Here’s an example: If I’m your laundry object, you can give me your dirty clothes and send me a message that says, “Can you get my clothes laundered, please.” I happen to know where the best laundry place in San Francisco is. And I speak English, and I have dollars in my pockets. So I go out and hail a taxicab and tell the driver to take me to this place in San Francisco. I go get your clothes laundered, I jump back in the cab, I get back here. I give you your clean clothes and say, “Here are your clean clothes.”
You have no idea how I did that. You have no knowledge of the laundry place. Maybe you speak French, and you can’t even hail a taxi. You can’t pay for one, you don’t have dollars in your pocket. Yet I knew how to do all of that. And you didn’t have to know any of it. All that complexity was hidden inside of me, and we were able to interact at a very high level of abstraction. That’s what objects are. They encapsulate complexity, and the interfaces to that complexity are high level.
Guy Steele talks about how Java embodied similar ideas in Growing a language at the 1998 OOPSLA Conference. Steele begins by limiting his vocabulary to primitives. For Steele primitives are words with one syllable. From these primitives he builds more complex words, to talk about the evolution of java. Steele has to set the implicit state of the language explicitly, and build up the shared model of the world.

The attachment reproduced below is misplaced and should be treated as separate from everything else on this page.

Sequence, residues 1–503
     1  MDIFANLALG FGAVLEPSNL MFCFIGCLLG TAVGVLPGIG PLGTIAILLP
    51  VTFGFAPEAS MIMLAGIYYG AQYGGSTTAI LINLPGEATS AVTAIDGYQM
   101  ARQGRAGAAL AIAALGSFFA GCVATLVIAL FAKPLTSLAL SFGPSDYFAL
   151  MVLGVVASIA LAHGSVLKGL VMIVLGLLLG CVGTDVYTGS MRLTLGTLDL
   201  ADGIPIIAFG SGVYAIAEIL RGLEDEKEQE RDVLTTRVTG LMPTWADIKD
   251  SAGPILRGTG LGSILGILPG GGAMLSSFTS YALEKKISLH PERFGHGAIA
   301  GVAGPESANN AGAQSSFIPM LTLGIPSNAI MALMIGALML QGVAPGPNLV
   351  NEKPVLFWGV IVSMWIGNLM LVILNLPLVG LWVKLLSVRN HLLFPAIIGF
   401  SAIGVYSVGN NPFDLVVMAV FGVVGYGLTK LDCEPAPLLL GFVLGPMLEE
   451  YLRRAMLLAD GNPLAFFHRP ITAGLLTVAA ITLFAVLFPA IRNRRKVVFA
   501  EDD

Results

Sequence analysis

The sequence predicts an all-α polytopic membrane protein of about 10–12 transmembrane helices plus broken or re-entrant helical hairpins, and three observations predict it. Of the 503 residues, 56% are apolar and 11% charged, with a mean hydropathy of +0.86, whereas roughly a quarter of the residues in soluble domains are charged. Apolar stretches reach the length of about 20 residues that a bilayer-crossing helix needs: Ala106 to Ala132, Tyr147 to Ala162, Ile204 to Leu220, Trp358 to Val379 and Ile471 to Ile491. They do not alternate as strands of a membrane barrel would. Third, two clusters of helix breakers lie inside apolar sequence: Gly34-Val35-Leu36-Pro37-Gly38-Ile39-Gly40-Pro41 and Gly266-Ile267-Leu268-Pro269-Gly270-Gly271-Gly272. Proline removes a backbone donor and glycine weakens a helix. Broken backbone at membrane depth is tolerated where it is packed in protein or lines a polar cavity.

OOP is a great way to think about programs and abstract away complexity. But it has fallen short of the goals smalltalk has laid out. While it is true that we think about things in terms of objects in the actual world, the systems the computer knows about have not been built in a manner that is intuitive to us. For the object model to be entirely useful to us we must have objects that behave in similar ways to the way normal objects behave. The issue is building up the shared implicit models to facilitate this communication.
Programming languages are not meant to be learned, they’re supposed to be implemented. This seems to be a fatal flaw when it comes to a system that can build up shared representations and make meaningful use of the objects it knows about.
When Smalltalk first arrived in 1972, OOP was an entirely new way to look at the world. Ingalls goes on to explain the role of Smalltalk beyond just a normal programming language: